Eltinge existed in a time before language could aptly support his identity. He was perhaps a closeted gay man with a strong trans identity. But he became an extremely popular actress in the United States and Europe by performing naturally, with feminine grace, in dramatic roles as well as musical comedies. He normalized the concept of a cross-dressing performer for the American public.
Liberace: Camping All the Way to the Bank
The recent revealing film based on Scott Thorson's book, Behind the Candelabra, has finally put to rest any hope the little old lady from Pasadena may still be clinging to that Liberace was "a matinee idol."
Liberace used his extreme flamboyance as part of his trademark, and while he flaunted his furs, jewels, and bedazzled lifestyle to the public. Could Liberace have come out in his day? It would have ended a very lucrative career, and he not only denied that he was gay but sued multiple times (and won) to prove he wasn't.
In 195, an article in the Daily Mirror described Liberace as "the summit of sex — the pinnacle of masculine, feminine, and neuter. Everything that he, she, and it can ever want … a deadly, winking, sniggering, snuggling, chromium-plated, scent-impregnated, luminous, quivering, giggling, fruit-flavoured, mincing, ice-covered heap of mother love," a description which strongly implied he was homosexual without saying so explicitly.
Liberace sued the newspaper for libel, testifying in a London court that he was not a homosexual and had never taken part in homosexual acts. He won the suit, and the £8,000 damages he received from the Daily Mirror led Liberace to repeat the catchphrase to reporters: "I cried all the way to the bank!"
Liberace fought and settled a similar case in the United States against Confidential. Rumors and gossip magazines frequently implied that he was gay. A typical issue of Confidential in 1957 shouted, "Why Liberace's Theme Song Should Be 'Mad About the Boy!'"
In 1982, Scott Thorson, Liberace's former chauffeur and live-in lover, sued the pianist for palimony after he was let go by Liberace. Liberace continued publicly to deny that he was homosexual and insisted that Thorson was never his lover. The case was settled out of court in 1986.
Liberace died of an AIDS-related illness in 1987.
Paul Lynde: Mean Queen
Lynde was best known for acerbic sexual double entendres on the game show Hollywood Squares. His career started on Broadway in shows like New Faces of 1952 and Bye Bye Birdie. He took the role in Birdie to the big screen with Ann-Margret. And he played Uncle Arthur on the long-running series Bewitched with Elizabeth Montgomery and the Dicks, York and Sargent.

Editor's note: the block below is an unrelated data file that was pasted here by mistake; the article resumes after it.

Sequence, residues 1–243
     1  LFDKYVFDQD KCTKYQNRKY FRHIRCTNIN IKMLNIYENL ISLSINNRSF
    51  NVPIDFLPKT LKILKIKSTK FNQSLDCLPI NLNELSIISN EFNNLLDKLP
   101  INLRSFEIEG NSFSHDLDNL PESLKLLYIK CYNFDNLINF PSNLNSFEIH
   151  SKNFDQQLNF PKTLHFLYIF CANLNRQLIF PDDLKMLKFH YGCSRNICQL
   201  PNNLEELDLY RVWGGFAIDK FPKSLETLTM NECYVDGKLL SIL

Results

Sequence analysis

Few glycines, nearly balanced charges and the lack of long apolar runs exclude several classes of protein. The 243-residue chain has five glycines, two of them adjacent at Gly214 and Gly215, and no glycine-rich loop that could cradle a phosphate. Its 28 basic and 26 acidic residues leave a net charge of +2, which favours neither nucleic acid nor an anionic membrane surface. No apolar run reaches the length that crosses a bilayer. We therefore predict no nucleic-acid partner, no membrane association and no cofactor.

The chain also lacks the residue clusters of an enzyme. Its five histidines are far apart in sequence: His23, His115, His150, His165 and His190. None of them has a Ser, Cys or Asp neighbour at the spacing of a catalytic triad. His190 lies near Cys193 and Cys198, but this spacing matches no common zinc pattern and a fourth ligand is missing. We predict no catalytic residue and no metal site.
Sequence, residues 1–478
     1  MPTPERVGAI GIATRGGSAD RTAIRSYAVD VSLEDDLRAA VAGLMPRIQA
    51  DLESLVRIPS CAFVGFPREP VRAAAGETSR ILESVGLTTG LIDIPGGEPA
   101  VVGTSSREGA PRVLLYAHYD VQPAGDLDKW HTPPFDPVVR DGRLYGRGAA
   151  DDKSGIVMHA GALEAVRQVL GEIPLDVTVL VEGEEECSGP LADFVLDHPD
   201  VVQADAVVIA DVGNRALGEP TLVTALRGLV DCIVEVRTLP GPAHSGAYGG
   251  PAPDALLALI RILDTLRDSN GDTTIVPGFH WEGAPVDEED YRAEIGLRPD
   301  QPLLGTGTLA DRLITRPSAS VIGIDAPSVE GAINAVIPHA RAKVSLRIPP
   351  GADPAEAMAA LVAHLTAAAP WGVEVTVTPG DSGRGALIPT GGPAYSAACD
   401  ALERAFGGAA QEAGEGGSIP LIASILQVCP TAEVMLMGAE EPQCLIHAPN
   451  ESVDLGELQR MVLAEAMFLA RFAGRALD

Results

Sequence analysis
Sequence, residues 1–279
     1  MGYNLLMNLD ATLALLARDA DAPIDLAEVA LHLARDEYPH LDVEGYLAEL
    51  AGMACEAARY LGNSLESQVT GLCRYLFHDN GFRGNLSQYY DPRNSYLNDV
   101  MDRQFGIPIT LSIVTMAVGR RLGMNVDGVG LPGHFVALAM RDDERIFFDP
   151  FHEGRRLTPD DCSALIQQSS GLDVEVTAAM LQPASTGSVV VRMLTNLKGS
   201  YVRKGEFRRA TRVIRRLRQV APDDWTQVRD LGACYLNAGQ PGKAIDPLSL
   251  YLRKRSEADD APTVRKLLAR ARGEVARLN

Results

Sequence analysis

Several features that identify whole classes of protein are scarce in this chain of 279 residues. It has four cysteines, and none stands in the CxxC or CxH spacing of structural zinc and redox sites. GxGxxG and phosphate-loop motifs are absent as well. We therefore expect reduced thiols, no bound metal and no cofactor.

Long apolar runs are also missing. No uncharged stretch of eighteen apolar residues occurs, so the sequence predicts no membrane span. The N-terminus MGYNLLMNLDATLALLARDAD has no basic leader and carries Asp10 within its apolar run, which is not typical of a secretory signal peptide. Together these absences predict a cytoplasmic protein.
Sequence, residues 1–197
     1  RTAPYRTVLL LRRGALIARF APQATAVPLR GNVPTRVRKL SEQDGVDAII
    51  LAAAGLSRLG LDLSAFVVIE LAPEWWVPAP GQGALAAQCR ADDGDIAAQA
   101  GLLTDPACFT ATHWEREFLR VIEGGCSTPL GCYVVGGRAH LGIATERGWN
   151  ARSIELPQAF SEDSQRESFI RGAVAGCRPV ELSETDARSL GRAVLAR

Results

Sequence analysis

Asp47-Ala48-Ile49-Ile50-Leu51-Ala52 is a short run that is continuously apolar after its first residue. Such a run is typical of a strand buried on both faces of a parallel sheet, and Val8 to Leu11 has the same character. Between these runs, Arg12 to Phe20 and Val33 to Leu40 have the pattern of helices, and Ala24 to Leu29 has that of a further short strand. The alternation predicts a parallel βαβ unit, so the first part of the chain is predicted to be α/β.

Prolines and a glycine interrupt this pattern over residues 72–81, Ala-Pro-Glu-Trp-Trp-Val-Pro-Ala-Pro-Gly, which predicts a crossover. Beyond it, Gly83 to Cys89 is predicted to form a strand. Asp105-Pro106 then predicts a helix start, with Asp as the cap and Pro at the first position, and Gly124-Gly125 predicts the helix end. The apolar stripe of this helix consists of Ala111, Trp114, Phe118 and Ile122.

Throughout his career his orientation was thinly veiled, and his stock-in-trade was the nelly, campy Lynde that we know from all his characters. And while Lynde made money and a legacy from his swishy ways and gay humor, he kept his sexual identity a secret.
Lynde also had substance abuse problems and was most certainly an alcoholic, reputedly a mean-mouthed one who would verbally abuse his friends when drunk. His drinking resulted in an arrest record and even a narrow escape from scandal when his young drinking partner and companion fell out a San Francisco hotel room window eight stories up after a drinking binge with Lynde. The event was witnessed by two policemen, but kept out of the papers.
The stories surrounding Lynde's death are varied. Some report that he was found dead in a swimming pool. Others report that the listed cause, massive heart attack, is not confirmed and hint at darker reasons. Wikipedia, a source that is sometimes creative rather than factual, tells of Paul Barresi, a porn star and personal trainer, finding Lynde dead in his home.
The closest the press got to revealing his sexuality was when People magazine featured an article on Lynde and his “suite mate/chauffeur-bodyguard” Stan Finesmith in 1976.
Below, Paul Lynde in a Halloween special.